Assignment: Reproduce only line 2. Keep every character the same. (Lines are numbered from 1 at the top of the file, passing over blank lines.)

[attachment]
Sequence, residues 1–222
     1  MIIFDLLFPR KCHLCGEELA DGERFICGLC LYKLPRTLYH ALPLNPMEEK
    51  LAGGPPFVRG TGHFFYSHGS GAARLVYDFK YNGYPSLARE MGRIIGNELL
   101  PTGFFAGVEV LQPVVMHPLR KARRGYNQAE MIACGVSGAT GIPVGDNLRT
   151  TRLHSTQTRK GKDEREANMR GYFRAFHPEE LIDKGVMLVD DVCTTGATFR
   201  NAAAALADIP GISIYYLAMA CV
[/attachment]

     1  MIIFDLLFPR KCHLCGEELA DGERFICGLC LYKLPRTLYH ALPLNPMEEK